When Replicant was started, the HTC Dream was the only available Android phone, and it had a Qualcomm System On a Chip (SOC). We then also added support for other very similar devices.
The System On a Chip family used by these devices was the MSM7K. Both the modem and the processor that run Replicant were in that same chip.While working on Replicant, very serious flaws were discovered with that System On a Chip family:
- The modem (which runs only non-free software) handled things that were too privacy sensitive, such as the audio CODEC, which, as I understand, makes it possible, hardware wise, for the modem to enable the microphone without the Application Processor (which ran Replicant) being involved.
- The RAM chips were shared between the CPU of the GSM modem and the SOC CPU. This was also the case for some of the supported devices that had a Samsung Exynos SOC like the Nexus S. This could enable the modem to take control of the processor running Replicant.
- The modem processor was in charge of booting the device. To do that it had to:
- Intialize all the system RAM
- Load the bootloader of the Application Processor in RAM and instruct that processor to run that code.
- The modem also handled the GPS. This is also a concern for other devices with different System On a Chip like the Nokia N900.
Despite the huge amount of work required, when alternatives became available, we switched away from devices with this System On a Chip family because the gravity of the issues was a nightmare.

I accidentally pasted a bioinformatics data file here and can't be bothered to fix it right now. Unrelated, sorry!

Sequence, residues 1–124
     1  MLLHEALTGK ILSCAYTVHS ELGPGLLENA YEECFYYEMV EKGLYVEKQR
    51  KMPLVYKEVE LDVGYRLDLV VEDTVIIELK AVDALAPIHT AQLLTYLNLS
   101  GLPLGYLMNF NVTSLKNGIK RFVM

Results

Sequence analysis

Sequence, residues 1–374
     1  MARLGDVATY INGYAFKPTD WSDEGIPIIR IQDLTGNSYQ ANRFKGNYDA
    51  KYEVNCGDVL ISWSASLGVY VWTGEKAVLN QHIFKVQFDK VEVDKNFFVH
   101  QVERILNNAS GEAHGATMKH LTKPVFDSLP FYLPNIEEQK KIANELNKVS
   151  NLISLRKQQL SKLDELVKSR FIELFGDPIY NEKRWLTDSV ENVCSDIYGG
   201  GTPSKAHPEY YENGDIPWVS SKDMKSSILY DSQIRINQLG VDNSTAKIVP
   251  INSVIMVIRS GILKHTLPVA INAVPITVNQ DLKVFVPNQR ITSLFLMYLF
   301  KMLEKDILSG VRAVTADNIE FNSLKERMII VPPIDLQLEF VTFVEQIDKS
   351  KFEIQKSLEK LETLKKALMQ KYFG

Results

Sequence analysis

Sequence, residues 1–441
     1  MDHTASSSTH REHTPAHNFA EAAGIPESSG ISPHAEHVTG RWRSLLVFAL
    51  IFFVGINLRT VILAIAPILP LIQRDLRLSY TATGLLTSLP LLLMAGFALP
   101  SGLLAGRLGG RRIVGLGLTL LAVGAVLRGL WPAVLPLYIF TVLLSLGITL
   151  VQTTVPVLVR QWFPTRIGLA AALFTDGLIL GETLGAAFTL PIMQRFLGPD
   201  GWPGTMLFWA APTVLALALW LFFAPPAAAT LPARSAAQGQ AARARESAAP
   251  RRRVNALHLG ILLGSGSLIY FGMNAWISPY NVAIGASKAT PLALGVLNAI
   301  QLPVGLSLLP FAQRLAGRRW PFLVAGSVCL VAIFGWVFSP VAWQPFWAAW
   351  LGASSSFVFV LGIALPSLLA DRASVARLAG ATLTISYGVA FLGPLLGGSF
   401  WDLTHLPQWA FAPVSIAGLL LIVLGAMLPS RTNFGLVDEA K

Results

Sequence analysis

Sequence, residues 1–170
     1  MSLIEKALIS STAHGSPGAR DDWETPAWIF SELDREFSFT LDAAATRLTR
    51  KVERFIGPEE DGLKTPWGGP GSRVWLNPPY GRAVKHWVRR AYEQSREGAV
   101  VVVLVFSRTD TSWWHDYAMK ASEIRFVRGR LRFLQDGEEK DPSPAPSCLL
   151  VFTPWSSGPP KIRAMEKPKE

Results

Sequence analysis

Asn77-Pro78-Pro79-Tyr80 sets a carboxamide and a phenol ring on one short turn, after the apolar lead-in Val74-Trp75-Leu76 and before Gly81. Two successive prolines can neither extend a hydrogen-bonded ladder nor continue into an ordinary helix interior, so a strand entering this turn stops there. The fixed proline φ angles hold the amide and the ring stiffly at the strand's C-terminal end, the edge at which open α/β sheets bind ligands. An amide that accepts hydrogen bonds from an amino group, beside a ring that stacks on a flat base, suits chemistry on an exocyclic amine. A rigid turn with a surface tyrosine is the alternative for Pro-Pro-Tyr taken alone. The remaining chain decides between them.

While some of the above issues have been fixed in more recent Qualcomm System On a Chip families, the increasing amount of proprietary libraries for theses new families, and the lack of strong guarantees that would prevent the modem from being able to take control of the processor running Replicant made the project ignore and discourage the use of the newer Qualcomm System On a Chip families.Despite that, it may be possible to make sure that the modem cannot physically access and modify the Application Processor's RAM content, for instance by using the SOC IOMMU, if there is one, but that would require significant work. It would at least require:
- to be able to use a mainline kernel (to be able to have some trust in the code)
- to have public documentation on the System On a Chip IOMMU.
- to have people analyze the security of the IOMMU.
- to make sure that the IOMMU setup even before the RAM is even initialized. Nonfree bootloader most probably prevent that.
Despite that we may still accept contributions for devices with such System On a Chip, but it's best to contact the Replicant project (for instance on the mailing list or on IRC) before starting to work on that, to collectively decide how to handle that.
For instance some tablets use Qualcomm SOCs have no modems. So if the most important privacy sensitive hardware is under the control of the Application Processor, it might be possible to add support for such tablets if work is done to make sure that they can be useful without any proprietary libraries.